When I was told that I needed to increase my calories up to 2200 a day, I had to have looked at her like she was crazy. There is no way that I needed that many calories, and I just knew if I were to eat that many that I was going to gain so much fat. She also told me that I needed to eat more fat, and so I was very reluctant in the percentage of macros that she was discussing with me. I knew that others had great results, but there was just no way those numbers could be right for me. However, I did decide to trust the process and I strongly trusted Marly.
I met in the middle, I didn’t go all the way up to 2200 calories, I did go to a lesser amount of calories at first, 2100. However, I did start tracking my macros. By the summer of 2017, I was in the best shape of my life. I was so strong, aesthetically, I looked very fit as well. I had just won a competition at my CrossFit box for losing the most amount of body fat in five weeks time. I lost almost 8 pounds of body fat, and remember I’m not a very large woman to begin with!
Others would ask me what I did, and I just stated that I had my numbers tested, and I followed the advice of Marly and began tracking my personalized macros. My performance had become so strong, and I actually even lost weight with so little body fat, I did decide to up my calories to the initial recommended amount.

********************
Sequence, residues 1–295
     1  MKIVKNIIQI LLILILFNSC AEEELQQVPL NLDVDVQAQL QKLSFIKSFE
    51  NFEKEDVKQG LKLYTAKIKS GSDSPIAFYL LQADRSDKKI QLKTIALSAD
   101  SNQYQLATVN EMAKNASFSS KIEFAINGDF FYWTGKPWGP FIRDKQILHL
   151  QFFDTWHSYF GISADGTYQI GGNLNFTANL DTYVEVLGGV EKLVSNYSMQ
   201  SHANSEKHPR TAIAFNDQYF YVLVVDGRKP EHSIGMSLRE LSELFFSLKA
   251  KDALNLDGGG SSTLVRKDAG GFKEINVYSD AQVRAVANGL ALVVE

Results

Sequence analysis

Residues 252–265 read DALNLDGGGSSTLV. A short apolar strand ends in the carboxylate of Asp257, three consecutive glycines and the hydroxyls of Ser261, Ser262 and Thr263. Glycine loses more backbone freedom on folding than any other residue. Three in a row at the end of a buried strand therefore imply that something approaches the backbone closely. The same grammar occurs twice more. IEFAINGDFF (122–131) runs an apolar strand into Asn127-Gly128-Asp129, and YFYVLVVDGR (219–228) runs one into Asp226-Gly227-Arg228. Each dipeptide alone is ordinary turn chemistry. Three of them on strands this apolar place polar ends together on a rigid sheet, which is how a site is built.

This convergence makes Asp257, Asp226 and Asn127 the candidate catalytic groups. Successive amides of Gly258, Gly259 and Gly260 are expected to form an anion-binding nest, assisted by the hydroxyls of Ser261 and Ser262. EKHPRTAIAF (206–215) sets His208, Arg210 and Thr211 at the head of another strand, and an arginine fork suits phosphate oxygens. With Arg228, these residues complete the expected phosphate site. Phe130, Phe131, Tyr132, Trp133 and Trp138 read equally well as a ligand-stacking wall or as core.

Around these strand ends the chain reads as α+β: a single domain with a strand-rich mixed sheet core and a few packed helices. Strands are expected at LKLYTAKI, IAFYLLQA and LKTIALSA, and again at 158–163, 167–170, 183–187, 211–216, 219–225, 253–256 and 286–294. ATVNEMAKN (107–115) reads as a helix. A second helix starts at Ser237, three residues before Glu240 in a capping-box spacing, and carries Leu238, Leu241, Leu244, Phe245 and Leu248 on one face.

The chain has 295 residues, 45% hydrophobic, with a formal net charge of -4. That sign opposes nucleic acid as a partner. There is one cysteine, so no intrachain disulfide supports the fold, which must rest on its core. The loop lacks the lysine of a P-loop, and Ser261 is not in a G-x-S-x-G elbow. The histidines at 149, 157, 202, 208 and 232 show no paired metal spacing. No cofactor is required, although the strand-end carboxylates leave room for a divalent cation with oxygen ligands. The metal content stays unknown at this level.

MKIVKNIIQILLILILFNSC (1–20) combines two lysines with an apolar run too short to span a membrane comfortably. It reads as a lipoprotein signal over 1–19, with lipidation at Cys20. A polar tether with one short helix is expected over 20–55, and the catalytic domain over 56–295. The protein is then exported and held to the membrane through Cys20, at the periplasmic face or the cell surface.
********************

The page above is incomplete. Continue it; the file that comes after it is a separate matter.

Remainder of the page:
I did have a few months where I became very sick and lost much weight, and was unable to eat. However, that was straightened out and I got back on my plan immediately. At my last visit with Marly, I found out that in one years time, I lost 10% body fat. I had lost over 17 inches, while gaining close to 9 pounds of muscle during this year. I was not making progress like this prior to my appointment with Marly. I was so scared to even eat, even with as active as I as.
I was still terrified that I was going to get fat, being an athlete put me way out of my comfort zone. Further more, I had no idea how much I really needed to eat, or what the breakdown should have been of nutrients. If you search online, the numbers that you receive our very generic and very general. They would not have worked for me, and I feel confident saying they probably wouldn’t work for most people.
Although I was nervous at first, following the advice of Marly, not only helped me mentally (as I started to have faith in the ability to trust that I was taking care of my body) but I also noticed wonderful changes in how my body looked. All of that aside though, the most important fact is that my performance and strength increased significantly. None of this would’ve happened if I would’ve continue to restrict myself. I’ll be honest too, I would have continued to restrict myself. I didn’t know my individual and personalized numbers. And if you remember, I’m very numbers oriented. At first it was the number on the scale, now it’s the number of calories that I need to eat to feel my body for optimal performance. I would not have had this information had I not visited with Marly. I am a believer and will continue to visit BodymetRx. As my performance increases and body continues to change, my needs will change. This is a life-long process.